The FT’s David Stevenson writes for Glint on two potential dollar scenarios and what they tell us about the world economy and the outlook for goldContinue reading...
The Financial Times’ Adventurous Investor, David Stevenson, writes for Glint on why the big decider for the global economy might be the number 3.5…Continue reading...
FT columnist David Stevenson writes for Glint on why cryptocurrency will endure because of its digital ledger technology and how it might be about to condemn high street banks to the history books
I have an admission to make – a few months ago I decided (possibly foolishly) to buy a few tracker shares in ethereum. By way of background, a few weeks ago my office kicked off its annual stocks competition. The idea is to select a long and short combination of underlying shares or tradeable assets. My short choice was a UK small cap in the collectables space while my long choice was a racy UK oil stock. But something much more interesting struck me about many of my peers’ choices: There seemed to be an overwhelming consensus on shorting bitcoin and, as a contrarian, this uniform cynicism obviously piqued my interest.
I wasn’t alone in my contrarianism though. The most technologically aware person in the office was aggressively long ethereum. Pete – the tech supremo – gave lots of convincing explanations about why ethereum was the better digital currency. The technical language sometimes blends into the background but the long and short (!) of it was essentially that because ethereum is connected to the blockchain, and because it is NOT bitcoin, it could easily emerge as the default cryptocurrency. The biggest digital currency of all, of course, is still bitcoin with a rough market capitalisation of US$185 billion, followed by ethereum with US$84 billion and then ripple with US$35 billion. These three cryptos account for more than two-thirds of the entire cryptocurrency universe by value. A year ago, the top three made up an ever larger 94% share of that universe.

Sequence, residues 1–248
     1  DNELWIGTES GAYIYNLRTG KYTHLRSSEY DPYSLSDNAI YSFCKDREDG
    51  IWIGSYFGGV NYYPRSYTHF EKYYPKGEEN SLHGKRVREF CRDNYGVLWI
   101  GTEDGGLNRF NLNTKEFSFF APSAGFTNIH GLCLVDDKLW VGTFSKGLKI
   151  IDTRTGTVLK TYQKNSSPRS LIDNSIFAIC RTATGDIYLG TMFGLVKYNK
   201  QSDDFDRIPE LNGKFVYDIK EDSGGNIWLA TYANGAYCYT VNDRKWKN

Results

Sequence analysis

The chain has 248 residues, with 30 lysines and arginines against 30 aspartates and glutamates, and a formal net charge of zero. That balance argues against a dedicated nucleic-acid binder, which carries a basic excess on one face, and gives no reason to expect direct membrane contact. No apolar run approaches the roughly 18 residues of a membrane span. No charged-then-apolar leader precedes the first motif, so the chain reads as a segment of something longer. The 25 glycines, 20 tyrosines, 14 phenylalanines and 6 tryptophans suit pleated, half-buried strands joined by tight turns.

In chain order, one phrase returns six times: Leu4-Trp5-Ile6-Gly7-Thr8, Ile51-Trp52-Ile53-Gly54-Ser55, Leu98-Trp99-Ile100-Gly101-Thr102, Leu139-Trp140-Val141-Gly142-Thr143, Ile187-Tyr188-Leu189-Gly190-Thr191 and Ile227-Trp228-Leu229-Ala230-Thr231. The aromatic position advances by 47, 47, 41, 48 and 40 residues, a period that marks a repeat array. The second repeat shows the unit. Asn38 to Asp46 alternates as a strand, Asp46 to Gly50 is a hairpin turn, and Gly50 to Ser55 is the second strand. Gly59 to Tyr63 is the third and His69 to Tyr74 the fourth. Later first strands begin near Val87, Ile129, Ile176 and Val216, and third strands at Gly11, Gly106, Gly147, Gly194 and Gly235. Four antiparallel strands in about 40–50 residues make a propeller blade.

At this point, the vast majority of people my age – being honest, the dividing line seems to be around 45 years old – roll their eyes and, in a perfectly rational manner, argue that a currency is usually boring and backed up by meaningful institutions such as central banks. By contrast, cryptocurrency’s shocking price volatility is the exact opposite of what most sensible people want out of currency. But ethereum – which I would argue is like that other notional currency: gold – isn’t really the same as a dollar or a pound in my pocket, i.e. a predominantly trade based exchange currency. It is a notional currency but in reality, it’s a store of value and expectations, nothing less, nothing more. Like gold, it can be used as a trading currency but that’s very far from being its primary purpose.